The American bald eagle holds a special thrill for amateur and expert birdwatchers alike. Even to a casual observer, it is instantly recognizable—no other bird has a bright white head and tail with a massive yellow beak.
Bald eagles belong to the same family as hawks and kites. They mate for life, and often return to the same nest over and over. Eagles can create truly impressive giant nests, since both the male and female bring twigs, branches and other nesting material to the same nest year after year. Eagle nests have been known to weigh as much as a ton!
Many eagles in the Tennessee Valley are year-round residents, although migratory eagles also fly into the region to stay the winter. Eagles nest near water, where they can easily find a variety of fish species to dine on, but they won’t pass up turtles, muskrats, herons, waterfowl or carrion. In fact, you can often locate a nearby eagle by first spotting an unusually tight raft of waterfowl on the water, a defensive mechanism they use to avoid eagle predation.
The bald eagle is one of our largest avian predators. Females are larger than males, and can have a wingspan of nearly 7 feet, which makes for a magnificent sight in your binoculars or camera viewfinder.
Unlike most of our Tennessee Valley breeding birds, bald eagles lay their eggs in late winter. Both parents take turns sitting on the nest. Eggs hatch in about five weeks. Young birds typically stay near the nest for several more weeks where they are still cared for by their parents.
Young eagles are dark, with a mix of brown and white plumage. It typically is about 4 to 5 years before they fully develop the characteristic yellow bill and white head and tail of an adult.
TVA reservoirs are important habitats for bald eagles; many nesting pairs are located along these waterways. The largest breeding populations are observed on Guntersville Reservoir, near Guntersville Dam and State Park, and on Kentucky Reservoir. Both reservoirs provide important habitat for eagles as they are relatively shallow and offer lots of tasty prey.
Eagle numbers are highest in the late winter months—December and January—when migratory eagles move into the region.
If you’d rather watch them from your computer screen, check out the two “Eagle Cams” that TVA helps sponsor. They’re operated in Bluff City and Johnson City, Tennessee, by East Tennessee State University’s Department of Biological Sciences. During nesting season (from November to early summer), the live feeds can be seen here.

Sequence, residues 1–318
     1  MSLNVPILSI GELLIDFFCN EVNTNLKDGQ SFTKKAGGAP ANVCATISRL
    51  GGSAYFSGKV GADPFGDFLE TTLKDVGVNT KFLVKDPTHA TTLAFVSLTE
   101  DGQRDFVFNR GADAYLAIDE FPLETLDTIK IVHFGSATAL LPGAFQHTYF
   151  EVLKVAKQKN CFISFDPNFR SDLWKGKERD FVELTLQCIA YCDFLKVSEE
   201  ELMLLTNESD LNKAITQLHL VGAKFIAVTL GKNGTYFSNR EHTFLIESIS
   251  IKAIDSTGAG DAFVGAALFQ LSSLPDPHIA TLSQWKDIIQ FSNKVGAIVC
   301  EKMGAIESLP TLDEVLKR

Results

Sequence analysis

TVA provided funding support for employees and equipment to help install the cameras high above the ground.
“The Johnson City Power Board let us know about the opportunity to help fund ETSU’s educational Eagle Cam project,” said Mark Meigs, general manager in Northeast Customer Delivery. “Our partnership with our LPC and ETSU provides a great way to reinforce the importance of conservation as well as stimulate student interest in science and the environment through online insights into the eagles’ lives.”
Observers this past winter and spring were able to see courting, nest building, egg-laying, incubating and chick-raising from November 2015 until the chicks left the nest in July 2016. According to ETSU, the eagle cams tallied more than 1.35 million views by more than 800,000 different viewers in at least 179 countries! Live streaming is scheduled to return in November 2016.
TVA has worked with many of its state conservation agency partners to improve bald eagle numbers in the Valley, participating in eagle hacking projects and participating in summer and winter bald eagle surveys. TVA reservoirs provide abundant habitat for breeding and migratory bald eagles. This habitat has been an essential component for the restoration of this iconic species.
Guntersville Dam, one of the eagles’ favorite nesting spots, is featured this month in our “Built for the People” series. Read more.
It’s always a good time for fun on the Tennessee Valley’s lands and waters. Not sure where to start? We have you covered! Check out some of the best recreational activities on our reservoirs. While you’re enjoying the lakes, trails, picnic areas and campgrounds, share your own stories and photos on Instagram using #TVAfun.
Get the all the latest news and inside information about recreation on TVA public lands and lakes.
Other raptors of Tennessee include the osprey, the sharp-shinned hawk, Cooper’s hawk, red-shouldered hawk and red-tailed hawk. Ospreys can be found along all TVA reservoirs. They often nest on navigation and transmission line structures throughout the Tennessee Valley.
Other hawks can be found throughout the Tennessee Valley year-round in woodlands and open areas. While most hawks prefer natural environments, the Cooper’s hawk has adapted to more urban environments where they prey upon a readily available food supply, namely rock doves (pigeons).
If injured raptors are discovered on TVA land, they are captured by TVA biologists and brought to the nearest Raptor Rehab center for assessment and treatment.
TVA is proud to fulfill our mission of stewardship by caring for the Tennessee Valley’s natural resources and by supporting and protecting the region’s birds and wildlife.